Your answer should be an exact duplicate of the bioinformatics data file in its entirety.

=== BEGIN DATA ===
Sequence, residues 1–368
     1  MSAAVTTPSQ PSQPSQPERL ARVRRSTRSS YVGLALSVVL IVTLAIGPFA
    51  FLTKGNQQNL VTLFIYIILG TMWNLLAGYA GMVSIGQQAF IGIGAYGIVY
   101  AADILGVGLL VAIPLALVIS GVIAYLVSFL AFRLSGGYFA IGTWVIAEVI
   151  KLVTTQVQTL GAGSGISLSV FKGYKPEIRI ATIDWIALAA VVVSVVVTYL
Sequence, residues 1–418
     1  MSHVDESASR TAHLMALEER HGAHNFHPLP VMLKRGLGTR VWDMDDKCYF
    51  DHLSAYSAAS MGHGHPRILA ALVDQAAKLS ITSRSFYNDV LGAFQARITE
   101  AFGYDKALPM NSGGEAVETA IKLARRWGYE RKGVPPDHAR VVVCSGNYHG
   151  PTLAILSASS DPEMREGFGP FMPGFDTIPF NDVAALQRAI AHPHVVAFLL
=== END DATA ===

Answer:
Sequence, residues 1–368
     1  MSAAVTTPSQ PSQPSQPERL ARVRRSTRSS YVGLALSVVL IVTLAIGPFA
    51  FLTKGNQQNL VTLFIYIILG TMWNLLAGYA GMVSIGQQAF IGIGAYGIVY
   101  AADILGVGLL VAIPLALVIS GVIAYLVSFL AFRLSGGYFA IGTWVIAEVI
   151  KLVTTQVQTL GAGSGISLSV FKGYKPEIRI ATIDWIALAA VVVSVVVTYL
Sequence, residues 1–418
     1  MSHVDESASR TAHLMALEER HGAHNFHPLP VMLKRGLGTR VWDMDDKCYF
    51  DHLSAYSAAS MGHGHPRILA ALVDQAAKLS ITSRSFYNDV LGAFQARITE
   101  AFGYDKALPM NSGGEAVETA IKLARRWGYE RKGVPPDHAR VVVCSGNYHG
   151  PTLAILSASS DPEMREGFGP FMPGFDTIPF NDVAALQRAI AHPHVVAFLL